Crystal River/Kings Bay Spring Dashboard
Historical Average Rainfall
for June: 7.79
Actual Rainfall Received
for June: 2.86 in
Springshed Region Rainfall
This graph displays the moving 12-month rainfall total as measured within the Kings Bay Springs springshed since 1995. The area between the red and green lines is the expected normal range (between the 25th and 75th percentiles) of rainfall.
Crystal River/Kings Bay Stream Flow:
303 mgd (6/17/2018)
The Crystal River/Kings Bay estimated stream flow information will recommence upon the reconstruction/relocation of the USGS cooperative monitoring platform that went offline 5/20/2016 due to damage from a boat collision. This number is the most recent estimated value of how much water flows out of all the Kings Bay springs and is measured in million gallons per day (mgd). The springs are affected by tides from the Gulf of Mexico and flow values will vary across a full tidal cycle. Nearly all of the flow into Kings Bay is from groundwater sources, which come from the Kings Bay springs. For reference, one million gallons is enough water to fill about 100 residential swimming pools!
The Crystal River/Kings Bay estimated stream flow information will recommence upon the reconstruction/relocation of the USGS cooperative monitoring platform that went offline 5/20/2016 due to damage from a boat collision. This graph displays the moving 30-day average of estimated spring flow from Kings Bay since 2006. The flow is calculated using an empirical formula which was derived using a combination of measured flows at the numerous spring vents and model results of a hydrodynamic simulation.
Tarpon Hole: 0.24 mg/L (4/10/2017)
Hunter Spring: 0.75 mg/L (4/10/2017)
Kings Bay Average: 0.20 mg/L (1/23/2017)?
Nitrate concentration data for Kings Bay/Crystal River for the January 2017 sample event were not collected due to restricted access within the designated manatee sanctuary boundaries. These numbers are the most recently measured nitrate values in milligrams per liter (mg/L) from two of the Kings Bay spring vents, Hunter Spring and Tarpon Hole Spring (aka King Spring), and an average nitrate value from 12 surface water sampling sites across Kings Bay. Excess levels of nitrate in water can be harmful to aquatic insects, amphibians and fish. If algae have an unlimited source of nitrate, excess growth may occur. Large amounts of algae growth can cause reduced water clarity and extreme fluctuations in dissolved oxygen, which is stressful to aquatic life.
This graph displays levels of nitrate over time from two of the Kings Bay spring vents, Hunter Spring and Tarpon Hole Spring (aka King Spring), since 1995. The red line on the graph shows the statewide numeric nutrient criteria for nitrate levels in springs, which is 0.35 milligrams per liter (mg/L). Also shown is an average surface water nitrate level from 12 sites across Kings Bay since 2003. Excess levels of nitrate in water can be harmful to aquatic insects, amphibians and fish. If algae have an unlimited source of nitrate, excess growth may occur. Large amounts of algae growth can cause reduced water clarity and extreme fluctuations in dissolved oxygen, which is stressful to aquatic life.
View of Three Sisters Springs in Kings Bay. (Inset: State of Florida counties and Crystal River/Kings Bay Springshed location.)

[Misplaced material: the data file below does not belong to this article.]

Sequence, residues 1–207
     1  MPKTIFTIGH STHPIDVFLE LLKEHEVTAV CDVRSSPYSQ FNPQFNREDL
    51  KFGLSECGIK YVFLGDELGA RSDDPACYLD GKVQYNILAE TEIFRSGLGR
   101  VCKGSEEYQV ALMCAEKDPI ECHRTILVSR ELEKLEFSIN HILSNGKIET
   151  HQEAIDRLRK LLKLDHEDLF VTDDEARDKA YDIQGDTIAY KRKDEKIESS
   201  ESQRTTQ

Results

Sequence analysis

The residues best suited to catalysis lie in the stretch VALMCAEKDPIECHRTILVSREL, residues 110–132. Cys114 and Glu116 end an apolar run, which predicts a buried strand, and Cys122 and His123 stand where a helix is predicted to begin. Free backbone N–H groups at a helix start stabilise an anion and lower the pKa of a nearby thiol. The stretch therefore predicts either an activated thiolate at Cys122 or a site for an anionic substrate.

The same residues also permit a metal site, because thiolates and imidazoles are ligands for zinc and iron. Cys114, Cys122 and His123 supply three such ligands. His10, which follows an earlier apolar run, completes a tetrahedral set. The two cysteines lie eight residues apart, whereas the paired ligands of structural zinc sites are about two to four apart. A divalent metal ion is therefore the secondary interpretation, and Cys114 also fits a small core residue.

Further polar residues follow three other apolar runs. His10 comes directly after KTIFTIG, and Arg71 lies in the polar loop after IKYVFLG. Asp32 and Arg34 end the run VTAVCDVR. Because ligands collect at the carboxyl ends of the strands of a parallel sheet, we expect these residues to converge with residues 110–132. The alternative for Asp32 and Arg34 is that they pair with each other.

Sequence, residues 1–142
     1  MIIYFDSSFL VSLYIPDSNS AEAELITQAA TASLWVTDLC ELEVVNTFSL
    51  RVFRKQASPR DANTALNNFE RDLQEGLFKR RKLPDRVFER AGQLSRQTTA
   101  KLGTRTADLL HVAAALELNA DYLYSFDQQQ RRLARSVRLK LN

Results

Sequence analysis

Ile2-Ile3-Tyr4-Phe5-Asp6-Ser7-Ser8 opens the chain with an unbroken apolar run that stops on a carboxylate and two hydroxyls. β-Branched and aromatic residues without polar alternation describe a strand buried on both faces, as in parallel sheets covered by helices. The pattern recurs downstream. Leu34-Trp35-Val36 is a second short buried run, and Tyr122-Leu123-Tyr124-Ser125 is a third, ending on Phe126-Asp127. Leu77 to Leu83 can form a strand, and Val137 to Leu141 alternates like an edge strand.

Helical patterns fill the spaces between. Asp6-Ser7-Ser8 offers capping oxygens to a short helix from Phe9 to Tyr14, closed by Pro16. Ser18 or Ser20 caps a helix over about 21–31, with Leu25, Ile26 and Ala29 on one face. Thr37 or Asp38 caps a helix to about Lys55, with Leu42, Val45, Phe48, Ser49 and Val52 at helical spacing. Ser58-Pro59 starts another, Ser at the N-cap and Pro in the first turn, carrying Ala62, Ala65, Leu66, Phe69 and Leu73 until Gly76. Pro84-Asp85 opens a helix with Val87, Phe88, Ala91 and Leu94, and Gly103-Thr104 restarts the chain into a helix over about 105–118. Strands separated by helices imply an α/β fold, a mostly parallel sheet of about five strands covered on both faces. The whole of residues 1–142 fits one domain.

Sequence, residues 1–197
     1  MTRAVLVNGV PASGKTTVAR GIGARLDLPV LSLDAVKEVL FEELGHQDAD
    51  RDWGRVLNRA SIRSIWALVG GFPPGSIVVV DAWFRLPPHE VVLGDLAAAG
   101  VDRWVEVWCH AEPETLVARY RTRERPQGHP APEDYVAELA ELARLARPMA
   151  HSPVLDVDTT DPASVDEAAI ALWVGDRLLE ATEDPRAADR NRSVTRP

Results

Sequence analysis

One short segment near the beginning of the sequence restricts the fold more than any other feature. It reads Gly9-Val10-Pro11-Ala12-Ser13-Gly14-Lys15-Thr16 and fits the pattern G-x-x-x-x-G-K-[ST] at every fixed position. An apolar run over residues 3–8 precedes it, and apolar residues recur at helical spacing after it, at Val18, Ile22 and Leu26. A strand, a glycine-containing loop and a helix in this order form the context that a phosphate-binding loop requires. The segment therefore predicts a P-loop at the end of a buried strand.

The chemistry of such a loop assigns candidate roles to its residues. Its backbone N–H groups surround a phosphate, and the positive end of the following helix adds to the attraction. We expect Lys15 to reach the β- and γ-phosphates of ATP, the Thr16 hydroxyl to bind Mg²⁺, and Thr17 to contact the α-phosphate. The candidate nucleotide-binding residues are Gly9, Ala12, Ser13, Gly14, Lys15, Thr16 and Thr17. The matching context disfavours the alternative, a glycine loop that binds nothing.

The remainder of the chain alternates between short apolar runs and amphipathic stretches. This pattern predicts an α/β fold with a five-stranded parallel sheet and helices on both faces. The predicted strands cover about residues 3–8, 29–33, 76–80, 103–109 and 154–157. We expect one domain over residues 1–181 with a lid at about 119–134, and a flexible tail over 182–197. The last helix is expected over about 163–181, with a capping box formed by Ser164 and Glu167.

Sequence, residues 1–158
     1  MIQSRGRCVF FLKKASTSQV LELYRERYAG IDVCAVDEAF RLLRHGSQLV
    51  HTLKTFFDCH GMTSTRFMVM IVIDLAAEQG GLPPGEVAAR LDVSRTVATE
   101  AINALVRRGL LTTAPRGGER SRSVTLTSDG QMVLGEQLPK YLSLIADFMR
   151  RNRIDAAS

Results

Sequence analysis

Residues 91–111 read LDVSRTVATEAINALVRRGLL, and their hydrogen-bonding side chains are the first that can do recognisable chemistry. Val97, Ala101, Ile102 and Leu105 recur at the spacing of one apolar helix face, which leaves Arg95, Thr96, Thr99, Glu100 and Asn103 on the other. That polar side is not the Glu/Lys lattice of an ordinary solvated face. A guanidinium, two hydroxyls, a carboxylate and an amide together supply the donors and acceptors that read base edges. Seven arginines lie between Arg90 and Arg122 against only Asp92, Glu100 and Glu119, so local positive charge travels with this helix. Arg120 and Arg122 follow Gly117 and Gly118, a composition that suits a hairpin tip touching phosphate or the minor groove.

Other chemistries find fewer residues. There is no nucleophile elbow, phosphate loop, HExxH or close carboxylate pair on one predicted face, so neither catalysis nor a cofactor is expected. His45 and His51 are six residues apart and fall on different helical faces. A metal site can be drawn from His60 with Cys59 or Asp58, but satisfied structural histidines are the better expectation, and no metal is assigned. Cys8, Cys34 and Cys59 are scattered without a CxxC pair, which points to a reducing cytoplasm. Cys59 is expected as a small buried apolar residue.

Crystal River/Kings Bay, Citrus County
This map links to an interactive overview of the Kings Bay Springs springshed. When you zoom in on Kings Bay, the map also shows data collection sites associated with the information presented in the dashboard.
Clarity at Tarpon Hole:
11 feet (1/31/2018)
Clarity at Hunter Spring:
18 feet (2/27/2018)
Clarity at Kings Bay Average:
7 feet (10/24/2017)
These numbers represent the clarity of the water (how far you can see under water), in feet, at two surface water sampling sites near Hunter Spring (KBN2) and Tarpon Hole Spring (KBS8), and also an average clarity distance from measurements at 12 sites across Kings Bay. These measurements show how water clarity changes as you move further from the springs into the open water of the bay. Based on these water clarity values, Kings Bay can have fairly clear water near the springs, with measured distances of 20 feet or more, and less clear water typically occurs in the open bay due to mixing of tidal waters from the Gulf of Mexico.
Springshed Water Use
These graphs for water use show the estimations of annual water use by type within the Kings Bay Springs springshed. These data include the percent of estimated water use for Citrus County within the springshed. The data represent both metered and estimated water use as reported in annual Estimated Water Use Reports.
This pie chart represents the estimated sources and percentages of manmade nitrate contributions to Kings Bay Springs based on the main land use types in the Kings Bay Springs springshed. Nitrate loading to groundwater can be from organic (septic tanks, livestock, sewage disposal) or inorganic (fertilizer) sources. The data are from the FDEP Crystal River / Kings Bay August 2017 draft BMAP.
Interactive Land Use Map
This map links to an interactive map of land use within the Kings Bay Springs springshed. The urban and disturbed category contains classifications such as residential, industrial and transportation. The natural areas category contains classifications including upland forested and nonforested areas, as well as wetlands. The main dashboard page displays a fade of both 1995 and 2009 land use. The interactive map initially displays 1995 land use, but allows for cycling through of the years 1995, 1999, 2004 and 2009 by use of the "Time" button and slider.